In Mala Fide

(Click here for the successor to In Mala Fide’s manosphere aggregator.)

(Reviewed April, 2013) Last week, the talented Matt Forney came out as Mr. In Mala Fide himself, Ferdinand Bardamu. With that I was expecting the earth to rumble, buildings to collapse, and the skies to burn.

As it turns out most people already knew, and I was one of the few who came late to the party.

Regardless, I felt it time to revisit Matt’s seminal work.

Three Years of Hate: The Very Best of In Mala Fide

In Mala Fide is no ordinary book, and its description doesn’t do it justice.

While billed as a collection of the best posts from the now defunct IMF blog, I find it to be a misnomer. This suggests it’s just some guy’s musings crudely collected into a scrapbook to cash in.

In Mala Fide is not like that. It’s the closest thing the Manosphere has to a Bible, and this format suits it perfectly.

Each ‘post’ is not actually a post as we know it. Each post is more akin to a scholarly essay. Matt is clearly an intelligent man and a gifted writer.

With each essay he picks apart the central concept, coming at it from every direction, kicking away every support strut until you’re left surrounded by rubble.

Now I read a lot of manosphere every day. A lot. And  I consider myself to have completely digested the Red Pill.

For example, I know how dangerous and abhorrent feminism is.

But if I’m explaining it to a friend who’s still plugged in to the matrix, my explanations have the coherence of “Well it’s evil! It’s a hate group! They don’t want equality, they want to take over the world! And you’re a rapist!”

As well informed as I am, I sometimes struggle in stringing my thoughts together to explain it to someone.

Fortunately, Matt doesn’t have this problem.

With each subject he’d set his cross-hairs upon, he’d lay it to rest with precision, backing everything up with referenced evidence and examples.

But this isn’t to say that he’s dispassionate. You can feel the raw emotion permeating through every page.

And have I mentioned yet how persuasive he is?

Here’s an example. The first essay is entitled “The Eternal Solipsism of the Female Mind”. I handed this to my girl to read. After giving me an “Oh yeah? Go on then…” kind of look, she settled down to read it.

Initially her face showed me how polarising she found it, and how resistant she was to it.

After the first page or so, her first words to me were, “Well, what about men? Men can be the same.”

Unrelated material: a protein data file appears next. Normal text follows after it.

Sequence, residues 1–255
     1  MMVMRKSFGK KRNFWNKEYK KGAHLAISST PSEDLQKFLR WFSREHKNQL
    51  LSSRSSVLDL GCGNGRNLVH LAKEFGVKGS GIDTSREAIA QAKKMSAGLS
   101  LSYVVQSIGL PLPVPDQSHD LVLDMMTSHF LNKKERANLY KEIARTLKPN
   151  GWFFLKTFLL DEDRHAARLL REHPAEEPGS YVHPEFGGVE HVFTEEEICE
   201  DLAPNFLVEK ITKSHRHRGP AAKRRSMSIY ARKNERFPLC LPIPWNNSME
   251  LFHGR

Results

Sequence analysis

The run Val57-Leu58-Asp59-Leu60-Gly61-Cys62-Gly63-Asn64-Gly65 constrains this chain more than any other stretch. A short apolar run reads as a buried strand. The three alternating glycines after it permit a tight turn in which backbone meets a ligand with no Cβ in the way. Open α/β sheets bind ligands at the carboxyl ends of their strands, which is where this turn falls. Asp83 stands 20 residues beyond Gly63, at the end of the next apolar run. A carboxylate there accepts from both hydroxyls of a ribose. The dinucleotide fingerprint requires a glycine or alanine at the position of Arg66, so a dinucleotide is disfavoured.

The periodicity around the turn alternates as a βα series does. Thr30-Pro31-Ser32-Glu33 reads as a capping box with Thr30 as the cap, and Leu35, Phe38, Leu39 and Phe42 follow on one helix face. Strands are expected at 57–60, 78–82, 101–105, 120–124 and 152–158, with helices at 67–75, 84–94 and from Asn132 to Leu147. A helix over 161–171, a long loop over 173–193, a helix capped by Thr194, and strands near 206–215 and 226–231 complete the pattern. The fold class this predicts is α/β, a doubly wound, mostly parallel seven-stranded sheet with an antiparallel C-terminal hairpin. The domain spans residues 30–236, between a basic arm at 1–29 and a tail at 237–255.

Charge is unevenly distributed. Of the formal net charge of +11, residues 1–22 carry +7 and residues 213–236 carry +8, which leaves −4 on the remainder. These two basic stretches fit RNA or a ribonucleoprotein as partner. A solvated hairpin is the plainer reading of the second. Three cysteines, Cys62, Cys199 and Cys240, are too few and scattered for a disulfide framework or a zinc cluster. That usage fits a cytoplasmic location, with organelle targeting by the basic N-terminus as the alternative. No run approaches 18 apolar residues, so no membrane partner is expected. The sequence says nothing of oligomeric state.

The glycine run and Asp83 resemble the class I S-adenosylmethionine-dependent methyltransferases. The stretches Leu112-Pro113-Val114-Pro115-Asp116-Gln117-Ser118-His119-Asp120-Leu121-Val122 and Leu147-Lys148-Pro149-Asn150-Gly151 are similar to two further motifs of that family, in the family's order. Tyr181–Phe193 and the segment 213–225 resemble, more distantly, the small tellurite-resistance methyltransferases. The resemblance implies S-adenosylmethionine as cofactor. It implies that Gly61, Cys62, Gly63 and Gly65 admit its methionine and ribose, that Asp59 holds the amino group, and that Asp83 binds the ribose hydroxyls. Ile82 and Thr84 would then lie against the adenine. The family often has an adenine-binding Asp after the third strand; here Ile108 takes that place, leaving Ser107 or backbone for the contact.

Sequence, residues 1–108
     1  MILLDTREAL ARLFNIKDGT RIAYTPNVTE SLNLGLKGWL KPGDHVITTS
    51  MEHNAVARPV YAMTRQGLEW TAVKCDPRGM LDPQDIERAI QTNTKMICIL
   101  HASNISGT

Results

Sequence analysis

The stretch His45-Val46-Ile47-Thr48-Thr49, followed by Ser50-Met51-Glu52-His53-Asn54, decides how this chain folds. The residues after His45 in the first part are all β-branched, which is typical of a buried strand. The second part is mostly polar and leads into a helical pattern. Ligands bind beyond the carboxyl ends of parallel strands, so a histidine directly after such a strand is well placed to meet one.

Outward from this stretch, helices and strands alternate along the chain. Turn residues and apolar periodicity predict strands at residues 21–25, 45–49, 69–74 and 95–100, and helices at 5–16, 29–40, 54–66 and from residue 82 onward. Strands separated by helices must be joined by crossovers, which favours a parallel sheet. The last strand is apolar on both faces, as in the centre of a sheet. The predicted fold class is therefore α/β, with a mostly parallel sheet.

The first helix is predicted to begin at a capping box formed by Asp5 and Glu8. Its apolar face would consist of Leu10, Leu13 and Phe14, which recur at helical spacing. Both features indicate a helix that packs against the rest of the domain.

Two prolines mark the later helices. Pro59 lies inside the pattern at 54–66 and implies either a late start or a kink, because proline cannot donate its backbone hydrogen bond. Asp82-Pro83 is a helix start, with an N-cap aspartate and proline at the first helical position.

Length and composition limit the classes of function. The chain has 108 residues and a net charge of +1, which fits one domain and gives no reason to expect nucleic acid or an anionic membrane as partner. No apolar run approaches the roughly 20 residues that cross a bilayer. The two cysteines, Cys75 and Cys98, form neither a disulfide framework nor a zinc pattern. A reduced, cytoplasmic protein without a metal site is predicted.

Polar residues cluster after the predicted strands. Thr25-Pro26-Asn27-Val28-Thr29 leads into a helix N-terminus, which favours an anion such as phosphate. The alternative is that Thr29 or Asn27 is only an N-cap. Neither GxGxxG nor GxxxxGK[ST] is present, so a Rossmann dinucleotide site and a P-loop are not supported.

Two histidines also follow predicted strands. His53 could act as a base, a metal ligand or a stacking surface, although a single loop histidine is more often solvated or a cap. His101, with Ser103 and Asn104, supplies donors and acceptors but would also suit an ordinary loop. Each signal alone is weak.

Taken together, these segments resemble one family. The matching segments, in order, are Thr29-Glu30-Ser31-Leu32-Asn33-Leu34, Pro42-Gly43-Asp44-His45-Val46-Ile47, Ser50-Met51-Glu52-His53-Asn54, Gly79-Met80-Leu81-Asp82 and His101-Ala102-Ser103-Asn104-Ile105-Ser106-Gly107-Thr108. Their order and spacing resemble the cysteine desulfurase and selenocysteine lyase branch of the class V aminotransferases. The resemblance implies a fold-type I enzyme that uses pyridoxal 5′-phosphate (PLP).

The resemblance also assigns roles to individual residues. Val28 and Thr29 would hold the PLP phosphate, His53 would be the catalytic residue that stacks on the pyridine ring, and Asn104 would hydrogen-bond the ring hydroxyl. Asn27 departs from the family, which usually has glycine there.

“Well it’s funny you mention that, ” I replied. “Just carry on reading.”


“All this is not to imply that men are incapable of solipsism and projection. […] Men are certainly capable of projecting their desires onto women, but the crucial difference is that male solipsism isn’t encouraged by society and pop culture, and men who are solipsistic are mocked by everyone and sometimes prosecuted. See the case of…”

This is key to what makes Matt so persuasive – his uncanny ability of anticipating the counter-point, before adeptly dispatching it.

Ranting, this is not.

Ten or so pages later when she finished the essay, she looked at me and uttered one word. “…yeah.”


Earlier I mentioned that each post is akin to a scholarly essay – I want to add that a lot of the (more controversial) posts are of the quasi-thought experiment variety. At least, this was my interpretation of them.

For example, *insert sacred cow that no-one in their right mind would touch with a 20 foot barge pole* is the cause of *insert world ill*, and here’s why.

And, boy, does Matt go for it with erudition and aplomb.

But it was exactly this which precipitated IMF’s downfall.

While I don’t subscribe to some of the ‘stronger’ viewpoints in Matt’s work, as a man of reasonable intelligence with a head well screwed on I enjoy having my beliefs challenged.

I enjoyed following his line of thinking and coming out the other side unscathed, after having experienced a different viewpoint.

However, Matt learned the hard way that you can’t open the door and not expect people to walk through.

On why he shut up shop, Matt says (amongst other things):

“It got to the point where I dreaded reading my own site because it was becoming dominated by basement dwelling neo-Nazis, MRA permavirgins and other losers I would never bother with in real life.”


While I didn’t agree with all of it, I enjoyed Three Years of Hate: The Very Best of In Mala Fide greatly.

It’s a book for intellectuals. It’s thought provoking (Matt’s critical of the use of ‘thought provoking’ in book reviews, but it is what it is).

It’s an enjoyable, if caustic, read. On this basis, I recommend it.

If you’re easily influenced, or have… ummm… a ‘personality disorder’… maybe steer clear.

Three Years of Hate is your Manosphere one-stop-shop, and is worth every penny. And after wading in the trenches for three years so that we don’t have to, he deserves our support.

Click here to buy Three Years of Hate: The Best of In Mala Fide